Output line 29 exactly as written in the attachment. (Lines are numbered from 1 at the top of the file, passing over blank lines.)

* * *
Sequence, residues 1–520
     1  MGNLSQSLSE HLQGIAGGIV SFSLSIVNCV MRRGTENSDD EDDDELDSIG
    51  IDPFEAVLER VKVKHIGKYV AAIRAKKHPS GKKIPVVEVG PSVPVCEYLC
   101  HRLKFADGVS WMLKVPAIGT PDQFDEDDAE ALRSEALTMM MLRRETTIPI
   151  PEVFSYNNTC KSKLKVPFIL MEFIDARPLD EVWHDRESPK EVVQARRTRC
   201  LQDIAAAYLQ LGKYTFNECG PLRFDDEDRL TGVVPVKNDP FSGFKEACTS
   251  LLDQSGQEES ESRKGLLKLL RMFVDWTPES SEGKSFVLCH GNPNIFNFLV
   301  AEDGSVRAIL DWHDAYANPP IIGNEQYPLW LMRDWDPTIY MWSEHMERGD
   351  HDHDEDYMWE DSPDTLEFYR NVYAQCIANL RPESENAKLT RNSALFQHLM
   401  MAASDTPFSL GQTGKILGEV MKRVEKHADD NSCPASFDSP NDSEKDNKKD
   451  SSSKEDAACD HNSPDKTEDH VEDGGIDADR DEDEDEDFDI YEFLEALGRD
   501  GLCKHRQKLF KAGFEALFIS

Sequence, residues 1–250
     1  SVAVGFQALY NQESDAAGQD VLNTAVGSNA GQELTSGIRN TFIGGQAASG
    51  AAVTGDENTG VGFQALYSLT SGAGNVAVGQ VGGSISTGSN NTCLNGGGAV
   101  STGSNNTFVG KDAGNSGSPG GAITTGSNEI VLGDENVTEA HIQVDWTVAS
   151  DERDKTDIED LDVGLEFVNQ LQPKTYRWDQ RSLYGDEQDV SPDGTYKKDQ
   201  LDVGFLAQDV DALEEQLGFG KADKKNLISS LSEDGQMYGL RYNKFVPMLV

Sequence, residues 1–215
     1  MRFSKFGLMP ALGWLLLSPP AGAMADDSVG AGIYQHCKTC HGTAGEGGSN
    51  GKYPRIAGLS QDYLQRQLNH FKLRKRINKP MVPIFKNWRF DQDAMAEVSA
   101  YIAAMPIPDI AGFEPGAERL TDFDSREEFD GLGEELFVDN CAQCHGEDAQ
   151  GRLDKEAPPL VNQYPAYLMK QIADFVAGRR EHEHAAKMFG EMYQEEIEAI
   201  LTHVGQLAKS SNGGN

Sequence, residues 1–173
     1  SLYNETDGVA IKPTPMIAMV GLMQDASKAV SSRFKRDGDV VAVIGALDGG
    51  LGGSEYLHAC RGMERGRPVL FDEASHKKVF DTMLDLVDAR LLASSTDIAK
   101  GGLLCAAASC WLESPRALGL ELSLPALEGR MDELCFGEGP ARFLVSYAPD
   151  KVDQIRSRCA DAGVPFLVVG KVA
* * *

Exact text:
   151  KVDQIRSRCA DAGVPFLVVG KVA